One of the reasons why I love shooting LEGO minifigs so much is that their modular design makes it very easy to create new characters and tell different stories with them. I don’t need to bust out the X-Acto knife and “kitbash” a minifig; I can simply swap out body parts as desired.
But as comfortable as I am pulling minifig arms out from their sockets and dislodging legs from hips, sometimes I can’t create the characters that I really want because the part or design just doesn’t exist in the LEGO universe.
“I would actually have dreams where my minifigs were equipped with awesome new accessories, only to wake up and be disappointed to find that those accessories didn’t really exist.”
Ryan Hauge felt the same way and in 2011, he founded BrickWarriors and started making LEGO-compatible accessories to fill the gap in his medieval fantasy gaming world.
Today, BrickWarriors’s impressive line goes beyond medieval fantasy and includes over 400 accessories covering historical and fictional themes like Ancient Greece, pirates, modern warfare and sci-fi among many others. Their latest release is an immediate favorite of mine: steampunk armor!
As a LEGO photographer, I’m always looking for ways to tell better stories with more interesting characters and BrickWarriors helps me do that with all the custom accessories they’ve created. (Needless to say that I am not a LEGO purist, so I’m happy to accessorize with anything that fits on a minifig including natural items like twigs as walking sticks.)
I wanted to know more about BrickWarriors so I was thrilled to be able to interview Ryan about it.
How it all started
Ryan’s story is probably a familiar one to many of us:
“When I was little, I was always most interested in the LEGO minifigures. I can’t tell you how many $90 or $100 sets I bought just to get that one unique minifig that LEGO cleverly packaged with the most expensive set in the theme,” he said in an interview on BrickUltra.
He told me that the one set that really stuck out in his mind was the big orc fortress from the 2007-2009 Castle theme that he bought so that he could get the orc king and queen.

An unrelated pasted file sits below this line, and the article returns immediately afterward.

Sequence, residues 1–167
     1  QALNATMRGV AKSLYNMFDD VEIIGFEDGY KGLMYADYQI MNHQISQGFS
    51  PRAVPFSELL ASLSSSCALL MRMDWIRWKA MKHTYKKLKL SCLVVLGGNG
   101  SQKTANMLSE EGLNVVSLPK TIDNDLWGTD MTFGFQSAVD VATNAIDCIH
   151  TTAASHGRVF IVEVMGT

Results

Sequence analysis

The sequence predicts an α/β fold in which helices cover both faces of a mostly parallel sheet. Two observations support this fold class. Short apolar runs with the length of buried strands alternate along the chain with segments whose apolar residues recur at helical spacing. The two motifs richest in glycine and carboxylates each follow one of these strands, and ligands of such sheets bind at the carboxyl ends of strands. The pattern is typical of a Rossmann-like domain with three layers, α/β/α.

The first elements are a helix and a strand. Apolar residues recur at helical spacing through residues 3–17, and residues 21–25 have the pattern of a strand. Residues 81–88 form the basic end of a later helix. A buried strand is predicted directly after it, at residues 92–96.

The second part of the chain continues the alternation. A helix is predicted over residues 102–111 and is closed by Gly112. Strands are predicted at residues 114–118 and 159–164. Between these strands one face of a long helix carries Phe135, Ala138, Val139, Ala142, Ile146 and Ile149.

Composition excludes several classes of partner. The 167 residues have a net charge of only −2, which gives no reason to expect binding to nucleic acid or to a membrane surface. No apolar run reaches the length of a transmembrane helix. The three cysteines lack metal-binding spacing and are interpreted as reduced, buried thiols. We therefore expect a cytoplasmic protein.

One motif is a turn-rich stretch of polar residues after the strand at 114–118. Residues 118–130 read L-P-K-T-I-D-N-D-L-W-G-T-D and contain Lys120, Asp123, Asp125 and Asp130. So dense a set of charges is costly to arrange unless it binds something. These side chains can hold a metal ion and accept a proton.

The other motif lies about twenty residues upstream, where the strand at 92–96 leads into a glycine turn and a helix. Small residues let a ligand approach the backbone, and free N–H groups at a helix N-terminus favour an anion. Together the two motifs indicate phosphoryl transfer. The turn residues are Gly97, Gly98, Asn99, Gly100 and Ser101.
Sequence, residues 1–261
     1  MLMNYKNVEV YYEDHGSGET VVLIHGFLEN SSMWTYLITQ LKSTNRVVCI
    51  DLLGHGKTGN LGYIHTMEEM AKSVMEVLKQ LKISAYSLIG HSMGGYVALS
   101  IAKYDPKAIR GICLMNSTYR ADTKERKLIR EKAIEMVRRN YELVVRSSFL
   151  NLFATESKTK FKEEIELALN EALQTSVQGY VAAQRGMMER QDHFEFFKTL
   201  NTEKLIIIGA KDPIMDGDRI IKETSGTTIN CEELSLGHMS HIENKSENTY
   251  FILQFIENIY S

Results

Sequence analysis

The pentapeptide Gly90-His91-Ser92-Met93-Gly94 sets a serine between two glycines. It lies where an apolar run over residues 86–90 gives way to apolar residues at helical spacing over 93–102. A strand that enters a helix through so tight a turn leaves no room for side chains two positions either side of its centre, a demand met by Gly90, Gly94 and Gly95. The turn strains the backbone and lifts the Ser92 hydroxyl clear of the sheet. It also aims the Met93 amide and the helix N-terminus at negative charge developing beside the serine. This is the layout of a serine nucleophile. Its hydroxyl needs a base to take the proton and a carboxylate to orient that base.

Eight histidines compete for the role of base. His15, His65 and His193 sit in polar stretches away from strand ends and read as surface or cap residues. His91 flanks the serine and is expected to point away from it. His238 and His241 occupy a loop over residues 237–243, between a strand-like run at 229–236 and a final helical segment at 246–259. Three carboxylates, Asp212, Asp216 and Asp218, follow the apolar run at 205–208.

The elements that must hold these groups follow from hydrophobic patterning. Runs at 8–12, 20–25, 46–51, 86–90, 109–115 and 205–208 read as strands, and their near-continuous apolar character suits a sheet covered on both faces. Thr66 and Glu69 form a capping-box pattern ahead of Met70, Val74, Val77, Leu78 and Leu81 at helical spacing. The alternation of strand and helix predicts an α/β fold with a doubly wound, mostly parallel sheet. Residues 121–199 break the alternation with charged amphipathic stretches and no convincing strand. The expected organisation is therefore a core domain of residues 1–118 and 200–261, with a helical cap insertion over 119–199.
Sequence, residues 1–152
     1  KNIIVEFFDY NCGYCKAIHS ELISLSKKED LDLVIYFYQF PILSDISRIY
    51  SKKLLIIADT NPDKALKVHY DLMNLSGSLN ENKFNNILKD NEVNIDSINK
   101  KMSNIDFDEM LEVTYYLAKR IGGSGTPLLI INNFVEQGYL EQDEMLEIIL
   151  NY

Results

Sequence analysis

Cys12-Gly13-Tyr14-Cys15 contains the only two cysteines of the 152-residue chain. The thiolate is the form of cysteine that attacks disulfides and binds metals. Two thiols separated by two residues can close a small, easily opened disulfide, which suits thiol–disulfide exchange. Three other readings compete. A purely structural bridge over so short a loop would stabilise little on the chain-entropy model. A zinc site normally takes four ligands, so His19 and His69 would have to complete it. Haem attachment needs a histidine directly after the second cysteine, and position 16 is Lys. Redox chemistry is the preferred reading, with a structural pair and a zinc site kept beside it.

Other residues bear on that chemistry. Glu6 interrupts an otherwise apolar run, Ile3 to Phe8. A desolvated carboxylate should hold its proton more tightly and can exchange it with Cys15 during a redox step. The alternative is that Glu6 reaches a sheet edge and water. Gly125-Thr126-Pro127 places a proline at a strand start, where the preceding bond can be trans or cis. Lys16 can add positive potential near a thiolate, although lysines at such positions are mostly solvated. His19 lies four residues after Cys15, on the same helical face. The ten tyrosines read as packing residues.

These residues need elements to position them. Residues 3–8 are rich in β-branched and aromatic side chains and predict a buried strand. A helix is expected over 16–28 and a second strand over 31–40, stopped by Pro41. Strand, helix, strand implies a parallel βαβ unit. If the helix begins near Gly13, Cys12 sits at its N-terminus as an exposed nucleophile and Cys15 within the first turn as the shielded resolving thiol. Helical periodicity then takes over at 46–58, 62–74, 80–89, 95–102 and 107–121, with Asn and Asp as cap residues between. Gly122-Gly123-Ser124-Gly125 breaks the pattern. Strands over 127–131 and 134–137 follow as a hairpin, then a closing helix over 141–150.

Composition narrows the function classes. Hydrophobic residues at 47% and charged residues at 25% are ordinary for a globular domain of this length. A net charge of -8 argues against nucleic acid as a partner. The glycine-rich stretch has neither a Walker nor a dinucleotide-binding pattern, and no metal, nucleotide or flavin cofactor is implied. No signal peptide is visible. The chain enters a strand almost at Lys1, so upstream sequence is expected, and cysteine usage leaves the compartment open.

I was still in the “Dark Ages” when LEGO released that version of the Castle theme but as a former D&D player, I could see how readily the medieval fantasy minifigs lent themselves to the kinds of tabletop role-playing games (RPGs) that Ryan played with his friends.
“I would actually have dreams where my minifigs were equipped with awesome new accessories, only to wake up and be disappointed to find that those accessories didn’t really exist,” he said.
“Once I realized it was possible to get my own designs injection molded, I immediately got a CAD program and taught myself how to design accessories.”
A perfect complement
BrickWarriors uses the same kind of plastic and injection-molding process that LEGO does so their accessories fit seamlessly into the LEGO system. The design of the accessories also follow the LEGO aesthetic closely.
But Ryan is clear about the BrickWarriors brand: they’re not “bootlego”, a term used to describe companies that make clones of existing or upcoming LEGO products.
“Bootlego is made by scumbags that copy LEGO molds and set designs and try to pass them off as real LEGO.”
He says BrickWarriors also steers clear of intellectual property that LEGO has rights to, adding that “historically accurate and fantasy designs of our own making are much more fun and a lot less likely to land us in a courtroom.”